Although it was ACS’s first fully virtual hackathon, the online format opened the door to new participants. “The dynamic of the hackathon this time wasn’t just about hackers and developers,” Kennedy says. “It was about the whole community.” In some ways, she observes, the online event was more powerful than it might have been in person. “With Slack, participants had all of these resources at their fingertips, and they met so many different people. We learned that you can still create a vibe online; you don’t have to be in a physical space.”

Pandemic Response Hackathon, U.S.

How Datavant merged tech and public health

A sweeping health crisis like Covid-19 calls for a proportionate health solution. As the pandemic spread across the globe, voices in Silicon Valley began calling for solutions. To that end, San Francisco–based Datavant, a health-care technology company focused on data connectivity, joined forces with health-care professionals to create a problem-solving hive mind with its Pandemic Response Hackathon.

ah Rowe, Head of Marketing, Datavant

“Slack enabled our participants to self-organize for the weekend in an organic, casual way.”

Sarah Rowe
Datavant, Head of Marketing

Datavant surveyed health experts to identify specific problems and developed more than 100 hackathon project ideas. The organizers then recruited some 1,500 engineers and 500 professionals with public health backgrounds to join the hackathon. “Our intention was to bring together two communities that wouldn’t normally interact,” says Sarah Rowe, the head of marketing at Datavant. “You had people who work in very technical roles at Amazon Web Services joining teams with emergency medicine doctors to try to come up with solutions.”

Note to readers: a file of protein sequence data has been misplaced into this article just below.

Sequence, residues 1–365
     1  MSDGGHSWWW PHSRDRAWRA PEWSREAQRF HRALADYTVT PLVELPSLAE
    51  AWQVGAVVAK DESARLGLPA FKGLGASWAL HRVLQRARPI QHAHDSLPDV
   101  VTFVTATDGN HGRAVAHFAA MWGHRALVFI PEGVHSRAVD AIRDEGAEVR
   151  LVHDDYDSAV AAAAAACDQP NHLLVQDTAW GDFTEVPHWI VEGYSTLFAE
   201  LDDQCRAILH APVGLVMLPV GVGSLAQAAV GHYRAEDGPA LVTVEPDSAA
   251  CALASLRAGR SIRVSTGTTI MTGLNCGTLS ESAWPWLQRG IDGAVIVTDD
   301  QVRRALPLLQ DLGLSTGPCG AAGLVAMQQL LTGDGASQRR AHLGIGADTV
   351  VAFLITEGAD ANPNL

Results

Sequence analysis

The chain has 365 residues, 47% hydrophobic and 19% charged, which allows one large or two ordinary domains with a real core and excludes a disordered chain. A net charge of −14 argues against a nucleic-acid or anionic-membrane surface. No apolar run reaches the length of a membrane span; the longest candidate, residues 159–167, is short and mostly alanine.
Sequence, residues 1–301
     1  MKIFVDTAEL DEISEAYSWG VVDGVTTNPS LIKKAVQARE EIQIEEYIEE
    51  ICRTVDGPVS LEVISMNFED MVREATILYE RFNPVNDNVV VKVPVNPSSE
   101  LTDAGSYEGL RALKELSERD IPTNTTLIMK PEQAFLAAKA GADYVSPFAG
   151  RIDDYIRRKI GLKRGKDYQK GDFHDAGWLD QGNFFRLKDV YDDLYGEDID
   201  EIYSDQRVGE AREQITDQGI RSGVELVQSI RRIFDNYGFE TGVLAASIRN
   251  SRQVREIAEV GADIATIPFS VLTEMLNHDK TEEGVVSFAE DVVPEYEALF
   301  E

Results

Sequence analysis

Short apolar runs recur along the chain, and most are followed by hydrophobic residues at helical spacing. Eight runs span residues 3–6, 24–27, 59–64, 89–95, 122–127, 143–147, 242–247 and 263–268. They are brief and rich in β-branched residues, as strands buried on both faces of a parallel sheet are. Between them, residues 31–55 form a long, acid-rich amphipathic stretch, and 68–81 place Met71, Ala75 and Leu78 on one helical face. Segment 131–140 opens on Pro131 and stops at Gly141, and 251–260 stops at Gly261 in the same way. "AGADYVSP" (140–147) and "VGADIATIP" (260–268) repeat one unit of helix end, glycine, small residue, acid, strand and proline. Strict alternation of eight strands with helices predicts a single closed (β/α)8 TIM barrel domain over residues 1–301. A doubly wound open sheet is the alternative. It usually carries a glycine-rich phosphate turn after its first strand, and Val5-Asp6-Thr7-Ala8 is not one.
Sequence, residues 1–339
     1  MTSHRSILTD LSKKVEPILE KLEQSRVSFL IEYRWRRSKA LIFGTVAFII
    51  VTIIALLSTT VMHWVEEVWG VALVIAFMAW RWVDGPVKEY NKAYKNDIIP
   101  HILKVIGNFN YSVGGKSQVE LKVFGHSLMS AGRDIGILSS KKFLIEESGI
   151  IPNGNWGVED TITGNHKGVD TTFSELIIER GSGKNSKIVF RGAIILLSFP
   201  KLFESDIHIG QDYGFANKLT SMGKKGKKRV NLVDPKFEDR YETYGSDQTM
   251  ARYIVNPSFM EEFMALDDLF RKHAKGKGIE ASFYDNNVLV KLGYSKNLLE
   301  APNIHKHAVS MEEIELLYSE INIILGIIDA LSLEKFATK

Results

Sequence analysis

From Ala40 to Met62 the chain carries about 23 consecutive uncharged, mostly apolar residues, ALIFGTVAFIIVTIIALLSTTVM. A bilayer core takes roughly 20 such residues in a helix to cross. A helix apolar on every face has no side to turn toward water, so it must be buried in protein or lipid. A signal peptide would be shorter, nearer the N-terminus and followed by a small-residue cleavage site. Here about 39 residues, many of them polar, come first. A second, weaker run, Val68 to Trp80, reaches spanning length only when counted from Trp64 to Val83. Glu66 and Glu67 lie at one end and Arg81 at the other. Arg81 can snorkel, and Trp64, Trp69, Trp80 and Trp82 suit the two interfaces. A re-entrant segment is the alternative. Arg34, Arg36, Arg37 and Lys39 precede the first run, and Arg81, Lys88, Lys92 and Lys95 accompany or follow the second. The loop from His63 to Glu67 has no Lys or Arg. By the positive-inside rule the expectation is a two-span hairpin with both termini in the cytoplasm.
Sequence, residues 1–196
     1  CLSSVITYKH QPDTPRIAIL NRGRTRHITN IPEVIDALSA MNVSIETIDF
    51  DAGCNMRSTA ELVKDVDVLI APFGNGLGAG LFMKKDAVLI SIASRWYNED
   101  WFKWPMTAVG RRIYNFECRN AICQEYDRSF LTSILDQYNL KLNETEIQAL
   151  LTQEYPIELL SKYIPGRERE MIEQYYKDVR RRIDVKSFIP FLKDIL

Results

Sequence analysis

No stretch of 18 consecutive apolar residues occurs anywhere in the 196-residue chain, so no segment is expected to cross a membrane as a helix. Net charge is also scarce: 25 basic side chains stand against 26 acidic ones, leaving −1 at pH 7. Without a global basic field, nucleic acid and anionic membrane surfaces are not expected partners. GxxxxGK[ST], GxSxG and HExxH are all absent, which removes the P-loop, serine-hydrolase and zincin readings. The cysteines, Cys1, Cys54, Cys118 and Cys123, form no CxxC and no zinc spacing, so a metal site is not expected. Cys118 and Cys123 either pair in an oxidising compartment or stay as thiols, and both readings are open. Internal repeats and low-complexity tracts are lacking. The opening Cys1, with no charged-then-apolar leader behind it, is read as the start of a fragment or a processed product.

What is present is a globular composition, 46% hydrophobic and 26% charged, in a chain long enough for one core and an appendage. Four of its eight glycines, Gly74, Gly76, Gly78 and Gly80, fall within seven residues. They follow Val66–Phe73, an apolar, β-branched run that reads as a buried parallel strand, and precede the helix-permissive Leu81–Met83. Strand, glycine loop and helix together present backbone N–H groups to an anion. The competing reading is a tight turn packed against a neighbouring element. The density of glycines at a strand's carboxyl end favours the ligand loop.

To connect these disparate groups, Datavant opted to use Slack. “It’s a very intuitive tool with a tiny bit of explanation about what channels are and direct-messaging etiquette,” Rowe says. “Slack enabled our participants to self-organize for the weekend in an organic, casual way.”

The organizers set up a #findteammates channel to group participants based on their interests and abilities. Users were encouraged to post a short intro with their background and interests so a Datavant organizer could recommend channels for them to join. “If someone posted, ‘I’m super-interested in working on plans for a DIY ventilator,’ we directed them to the Slack channel that was most relevant,” Rowe says.

The #findteammates Slack channel from Datavant's Pandemic Response Hackathon

The Datavant team also used Slack channels as a substitute for office hours. “Because it was a virtual hackathon, we weren’t able to put the mentors in a room and say, ‘Go knock on their door,’ ” Rowe says. In lieu of in-person consultations, Datavent created dedicated Slack channels for its co-hosting organizations, such as Amazon Web Services and Snowflake, and volunteer mentors. Participants were encouraged to drop in and ask questions. “One of the benefits of Slack was that these channels became great collections of resources and content, which new participants could search and read through,” she says.